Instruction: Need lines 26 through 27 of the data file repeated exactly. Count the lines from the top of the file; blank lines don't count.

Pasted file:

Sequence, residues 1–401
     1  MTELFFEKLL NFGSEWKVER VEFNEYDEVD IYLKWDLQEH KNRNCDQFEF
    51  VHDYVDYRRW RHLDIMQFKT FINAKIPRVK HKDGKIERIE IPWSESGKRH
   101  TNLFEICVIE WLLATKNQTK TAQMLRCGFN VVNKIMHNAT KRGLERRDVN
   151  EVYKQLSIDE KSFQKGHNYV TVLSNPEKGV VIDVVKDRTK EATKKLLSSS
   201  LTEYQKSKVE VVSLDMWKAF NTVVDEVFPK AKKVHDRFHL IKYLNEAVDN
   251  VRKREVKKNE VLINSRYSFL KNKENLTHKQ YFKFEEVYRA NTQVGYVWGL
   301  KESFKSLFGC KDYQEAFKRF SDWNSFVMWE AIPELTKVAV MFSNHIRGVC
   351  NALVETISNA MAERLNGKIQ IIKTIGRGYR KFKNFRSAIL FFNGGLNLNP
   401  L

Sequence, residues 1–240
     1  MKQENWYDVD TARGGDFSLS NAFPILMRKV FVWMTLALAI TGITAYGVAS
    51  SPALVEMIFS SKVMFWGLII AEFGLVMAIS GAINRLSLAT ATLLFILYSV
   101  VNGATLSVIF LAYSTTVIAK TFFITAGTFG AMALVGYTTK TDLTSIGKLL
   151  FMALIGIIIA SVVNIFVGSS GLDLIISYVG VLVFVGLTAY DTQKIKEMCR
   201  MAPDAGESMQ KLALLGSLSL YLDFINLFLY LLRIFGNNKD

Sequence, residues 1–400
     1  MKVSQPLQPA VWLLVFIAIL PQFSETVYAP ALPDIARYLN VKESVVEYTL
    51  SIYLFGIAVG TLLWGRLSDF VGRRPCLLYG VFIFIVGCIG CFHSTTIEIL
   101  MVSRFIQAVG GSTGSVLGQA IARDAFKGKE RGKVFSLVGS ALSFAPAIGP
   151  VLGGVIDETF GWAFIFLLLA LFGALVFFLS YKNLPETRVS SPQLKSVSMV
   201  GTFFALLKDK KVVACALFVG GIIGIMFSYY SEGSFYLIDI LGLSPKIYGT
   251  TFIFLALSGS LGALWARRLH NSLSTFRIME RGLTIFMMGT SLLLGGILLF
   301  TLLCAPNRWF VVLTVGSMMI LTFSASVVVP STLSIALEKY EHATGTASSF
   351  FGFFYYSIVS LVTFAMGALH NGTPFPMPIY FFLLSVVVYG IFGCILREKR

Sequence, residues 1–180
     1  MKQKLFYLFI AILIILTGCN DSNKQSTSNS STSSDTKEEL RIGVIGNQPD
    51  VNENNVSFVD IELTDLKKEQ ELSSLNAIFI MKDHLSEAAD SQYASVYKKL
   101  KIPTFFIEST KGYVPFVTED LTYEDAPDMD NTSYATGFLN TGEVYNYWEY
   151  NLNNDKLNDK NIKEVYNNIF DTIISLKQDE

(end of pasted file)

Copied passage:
Sequence, residues 1–180
     1  MKQKLFYLFI AILIILTGCN DSNKQSTSNS STSSDTKEEL RIGVIGNQPD